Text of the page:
Ethel M. Deaver

[ Age 109 ] The former educator, born during President McKinley's first term, left a handwritten account of her life.

December 02, 2006|By Frederick N. Rasmussen | Frederick N. Rasmussen,sun reporter

Ethel M. Deaver, a former educator whose handwritten memoir chronicled her life, died in her sleep Sunday at the Presbyterian Home of Maryland in Towson. She was 109.

Ethel Marie Wilde was born during the first term of President William McKinley, on Sept. 17, 1897, in Baltimore.

"I checked, and there was no way we could verify that there was anyone older, but I would say at 109, she certainly has to be one of the oldest Marylanders," Anne G. Sunderland, publlc affairs director of the Maryland Department of Aging, said yesterday. "I travel the state each May, which is Older American Month, and this year we learned of a lady in Carroll County who was 107."

"She liked to tell people that she was born at Johns Hopkins Hospital eight years after it opened," said her daughter, Carolyn Claire Walker of Kankakee, Ill. "Her father, a railroad conductor, abandoned the family, and then she and her mother moved to St. Mary's County."

In her unpublished memoir, Mrs. Deaver recalled attending a one-room schoolhouse, where she skipped first grade and went right into the second grade. She liked learning and singing hymns with her mother.

She happily recalled long-ago rides to market with her grandfather on a horse-drawn wagon from his Howard County farm, while eating a carefully packed lunch of deviled crab sandwiches and generous wedges of sweet potato pie.

She wrote that she never forgot the Christmas morning when a new doll that Santa Claus had brought was waiting under the tree, or getting Rag Man, a puppy, when she turned 5.

Life suddenly changed for the little girl when a representative of the Henry Watson Children's Aid Society came to her home one day and took her away.

"I don't recall that my mother protested. However, I never saw my mother again," Mrs. Deaver wrote.

"This organization was to find a suitable home for me. In my opinion they missed the mark but maybe I'm a better person for having lived in less favorable conditions," she wrote. "Anyway, with God's help I made it, and since have had a good and happy life."

She was sent to the Bell family in Easton, where she worked as a "mother's helper." After that family moved away, she was returned to the children's aid society, which then placed her in the home of Anna Mason, a retired schoolteacher.

"My bed was in the attic, cold in winter, and very hot in the summer. I was a servant, and I mean servant," she wrote.

Some of Mrs. Deaver's duties included lighting the kitchen cast-iron stove early each morning, tending to the coal furnace and digging grass out of a brick walk with a knife.

"Every Friday I missed afternoon classes at school because I had to clean the house. I could never engage in sports for that reason," she recalled. "Mrs. Mason wasn't unkind, but she was a slave driver."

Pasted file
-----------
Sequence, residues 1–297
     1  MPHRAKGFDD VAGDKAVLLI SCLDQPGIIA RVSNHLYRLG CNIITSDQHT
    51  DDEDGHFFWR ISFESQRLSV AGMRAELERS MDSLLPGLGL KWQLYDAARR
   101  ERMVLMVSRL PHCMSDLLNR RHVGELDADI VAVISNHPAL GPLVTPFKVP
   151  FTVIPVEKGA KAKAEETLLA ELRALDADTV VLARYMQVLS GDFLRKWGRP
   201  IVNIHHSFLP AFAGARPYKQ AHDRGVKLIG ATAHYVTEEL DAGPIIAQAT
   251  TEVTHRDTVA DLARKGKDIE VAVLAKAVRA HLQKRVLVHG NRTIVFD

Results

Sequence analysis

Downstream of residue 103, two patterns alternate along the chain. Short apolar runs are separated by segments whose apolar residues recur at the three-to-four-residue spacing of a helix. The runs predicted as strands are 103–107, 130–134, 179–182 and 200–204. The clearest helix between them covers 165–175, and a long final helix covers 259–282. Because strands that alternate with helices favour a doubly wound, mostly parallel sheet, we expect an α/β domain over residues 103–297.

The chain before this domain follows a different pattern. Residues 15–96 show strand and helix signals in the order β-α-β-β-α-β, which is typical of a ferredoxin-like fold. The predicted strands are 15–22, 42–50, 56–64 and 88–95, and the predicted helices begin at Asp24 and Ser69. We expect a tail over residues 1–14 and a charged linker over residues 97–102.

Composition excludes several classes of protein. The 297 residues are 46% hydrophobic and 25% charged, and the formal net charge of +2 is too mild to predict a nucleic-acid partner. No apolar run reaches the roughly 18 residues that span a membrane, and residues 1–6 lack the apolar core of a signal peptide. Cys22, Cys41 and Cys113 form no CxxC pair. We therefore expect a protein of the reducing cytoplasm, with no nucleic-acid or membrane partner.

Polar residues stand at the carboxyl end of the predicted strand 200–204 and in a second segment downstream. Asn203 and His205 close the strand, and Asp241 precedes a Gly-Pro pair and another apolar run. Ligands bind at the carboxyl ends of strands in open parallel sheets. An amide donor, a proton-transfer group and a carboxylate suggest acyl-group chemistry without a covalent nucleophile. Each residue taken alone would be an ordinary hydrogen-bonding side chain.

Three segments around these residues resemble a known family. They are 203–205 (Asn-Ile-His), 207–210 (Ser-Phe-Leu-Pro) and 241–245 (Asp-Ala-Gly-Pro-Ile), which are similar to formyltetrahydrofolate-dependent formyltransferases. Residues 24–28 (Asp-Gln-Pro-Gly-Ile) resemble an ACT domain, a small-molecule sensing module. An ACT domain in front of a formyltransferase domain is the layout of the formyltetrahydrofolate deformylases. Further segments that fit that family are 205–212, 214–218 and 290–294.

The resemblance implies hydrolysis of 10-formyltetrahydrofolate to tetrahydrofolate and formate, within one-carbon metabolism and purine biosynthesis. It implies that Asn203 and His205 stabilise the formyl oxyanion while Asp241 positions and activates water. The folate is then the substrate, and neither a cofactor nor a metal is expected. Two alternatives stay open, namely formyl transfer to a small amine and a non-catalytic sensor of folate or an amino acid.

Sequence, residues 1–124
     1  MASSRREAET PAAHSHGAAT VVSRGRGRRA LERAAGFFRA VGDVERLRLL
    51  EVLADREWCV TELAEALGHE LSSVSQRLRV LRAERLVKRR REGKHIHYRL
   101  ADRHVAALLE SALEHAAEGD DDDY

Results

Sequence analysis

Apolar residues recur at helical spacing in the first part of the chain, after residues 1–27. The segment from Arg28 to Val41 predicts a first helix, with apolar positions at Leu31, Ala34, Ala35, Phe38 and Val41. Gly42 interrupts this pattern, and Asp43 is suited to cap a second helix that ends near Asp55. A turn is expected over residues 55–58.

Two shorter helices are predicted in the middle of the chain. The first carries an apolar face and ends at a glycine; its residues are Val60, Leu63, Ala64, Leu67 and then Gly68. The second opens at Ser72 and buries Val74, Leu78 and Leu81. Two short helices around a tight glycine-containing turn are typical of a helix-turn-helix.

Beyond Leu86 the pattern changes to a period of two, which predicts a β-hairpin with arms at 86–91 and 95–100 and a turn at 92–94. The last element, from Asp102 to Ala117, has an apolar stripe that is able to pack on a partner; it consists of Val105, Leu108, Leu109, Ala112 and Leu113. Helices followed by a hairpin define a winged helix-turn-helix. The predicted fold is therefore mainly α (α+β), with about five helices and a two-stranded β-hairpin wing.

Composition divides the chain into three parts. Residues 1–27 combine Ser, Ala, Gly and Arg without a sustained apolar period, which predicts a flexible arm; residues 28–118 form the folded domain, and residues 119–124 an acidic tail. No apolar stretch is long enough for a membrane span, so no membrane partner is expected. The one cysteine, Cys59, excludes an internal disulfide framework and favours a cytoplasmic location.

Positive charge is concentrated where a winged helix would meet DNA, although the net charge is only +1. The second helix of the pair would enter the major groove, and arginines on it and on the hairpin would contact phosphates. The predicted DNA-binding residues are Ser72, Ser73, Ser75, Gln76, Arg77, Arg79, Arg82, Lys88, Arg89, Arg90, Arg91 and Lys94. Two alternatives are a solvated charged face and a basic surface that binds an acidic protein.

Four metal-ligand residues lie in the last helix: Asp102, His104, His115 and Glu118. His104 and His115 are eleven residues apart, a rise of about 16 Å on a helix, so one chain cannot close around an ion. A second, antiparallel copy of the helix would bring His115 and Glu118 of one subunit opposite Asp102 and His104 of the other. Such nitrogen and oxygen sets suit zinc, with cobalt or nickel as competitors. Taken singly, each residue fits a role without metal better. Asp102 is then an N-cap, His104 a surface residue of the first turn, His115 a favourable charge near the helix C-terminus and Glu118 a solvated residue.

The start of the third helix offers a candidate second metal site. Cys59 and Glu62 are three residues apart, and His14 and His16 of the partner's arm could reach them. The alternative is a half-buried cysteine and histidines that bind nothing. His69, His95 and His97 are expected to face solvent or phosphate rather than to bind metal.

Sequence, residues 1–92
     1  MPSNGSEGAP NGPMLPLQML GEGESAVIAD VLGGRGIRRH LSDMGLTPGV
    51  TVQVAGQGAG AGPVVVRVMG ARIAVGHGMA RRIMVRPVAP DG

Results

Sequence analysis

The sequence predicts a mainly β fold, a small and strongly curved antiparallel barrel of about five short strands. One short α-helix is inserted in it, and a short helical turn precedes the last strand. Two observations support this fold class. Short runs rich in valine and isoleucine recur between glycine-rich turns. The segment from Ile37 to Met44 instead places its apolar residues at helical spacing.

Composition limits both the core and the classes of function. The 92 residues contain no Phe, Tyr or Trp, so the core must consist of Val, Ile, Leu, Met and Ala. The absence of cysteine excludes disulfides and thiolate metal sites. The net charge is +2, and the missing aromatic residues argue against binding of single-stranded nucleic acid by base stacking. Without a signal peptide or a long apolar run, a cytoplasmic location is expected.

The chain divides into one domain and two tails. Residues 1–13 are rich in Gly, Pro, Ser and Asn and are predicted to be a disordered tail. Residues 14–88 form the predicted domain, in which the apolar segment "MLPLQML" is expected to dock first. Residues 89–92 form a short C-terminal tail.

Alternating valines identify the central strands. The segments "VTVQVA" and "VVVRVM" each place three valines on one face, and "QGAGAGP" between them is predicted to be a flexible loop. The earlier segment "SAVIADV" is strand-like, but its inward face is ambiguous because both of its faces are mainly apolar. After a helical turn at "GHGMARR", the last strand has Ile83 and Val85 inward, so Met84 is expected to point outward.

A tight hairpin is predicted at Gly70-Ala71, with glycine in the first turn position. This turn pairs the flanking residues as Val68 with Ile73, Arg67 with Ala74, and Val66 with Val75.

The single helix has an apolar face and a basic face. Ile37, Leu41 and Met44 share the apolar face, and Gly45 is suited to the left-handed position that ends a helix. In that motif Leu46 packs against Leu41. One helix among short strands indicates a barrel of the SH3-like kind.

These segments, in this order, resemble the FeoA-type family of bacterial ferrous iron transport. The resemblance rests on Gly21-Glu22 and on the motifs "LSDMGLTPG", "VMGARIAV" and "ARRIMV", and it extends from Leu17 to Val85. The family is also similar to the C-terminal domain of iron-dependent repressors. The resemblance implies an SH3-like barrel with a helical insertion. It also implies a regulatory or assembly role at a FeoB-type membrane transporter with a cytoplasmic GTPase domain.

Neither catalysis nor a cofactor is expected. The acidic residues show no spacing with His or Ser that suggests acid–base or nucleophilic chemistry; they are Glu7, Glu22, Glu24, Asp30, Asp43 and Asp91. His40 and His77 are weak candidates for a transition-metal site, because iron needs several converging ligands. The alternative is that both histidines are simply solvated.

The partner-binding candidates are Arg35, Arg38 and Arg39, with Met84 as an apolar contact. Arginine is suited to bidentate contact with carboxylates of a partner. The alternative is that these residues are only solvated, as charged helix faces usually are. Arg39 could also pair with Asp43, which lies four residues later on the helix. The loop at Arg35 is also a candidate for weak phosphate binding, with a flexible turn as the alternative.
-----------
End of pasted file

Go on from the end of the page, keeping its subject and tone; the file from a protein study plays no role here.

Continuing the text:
She was able to attend what is now Towson University on a scholarship. "Otherwise, I never could have gone to college," she wrote.

"She was the last surviving member of the Class of 1922 at Towson University," her daughter said.

After graduating from college, Mrs. Deaver taught second grade at Fullerton Elementary School until marrying Charles Clarke Deaver Sr. in 1925.

In 1940, the couple moved to Alabama Road in Towson, where she lived until moving to the retirement home in 1987. Mr. Deaver, a BGE design engineer, died in 1976.

During World War II, the couple opened their home to sailors whose ships were being repaired in Baltimore shipyards.

"Several servicemen stayed as long as six months and returned for a second stay," her daughter said. "And she was still getting Christmas cards and letters from some of them."

Mrs. Deaver had been active for many years with the Camp Fire Girls and had been a counselor at its Camp Wawanaissa in Severna Park. She was a 50-year Red Cross volunteer and also volunteered in the nurseries of the old Franklin Square Hospital and Greater Baltimore Medical Center.

"She took great delight in rocking and singing to the newborns," her daughter said.

Mrs. Deaver was a member for more than 60 years of Towson Presbyterian Church, where she had taught Sunday school to developmentally disabled students. She also was an active member of Bykota Senior Center in Towson.

She was an accomplished artist who worked in oils and enjoyed painting local scenes, flowers and historic sites.

Mrs. Deaver, who only learned to drive after her husband's death, began slowing down after turning 95.

"There's nothing unusual about her longevity except the length of it," her daughter said. "She didn't drink or smoke, and was not overweight. She never exercised or took long walks. She was a wonderful cook and ate what she wanted."

Mrs. Deaver was 94 when she began writing her bittersweet memoirs in a carefully rendered script.

"The one sad part is not knowing what became of my mother. It makes me sad, but I must not dwell on this because there is no way I can change it," she wrote.

"In all the years between my time with my mother and Clarke Deaver, I cannot remember ever being hugged or kissed. Only by the grace of God did I become a loving person. Thank you, God!" she wrote.

"She had a tremendous faith that took her from Day 1 until the day she died. She was the mother I never had. She took me under her wing," said Suki Deaver, her daughter-in-law, who was also a foster child.

Services were held Thursday.

Also surviving are eight grandchildren; 13 great-grandchildren; and a great-great- granddaughter. Her son, Charles Clarke Deaver Jr., died in 1976.

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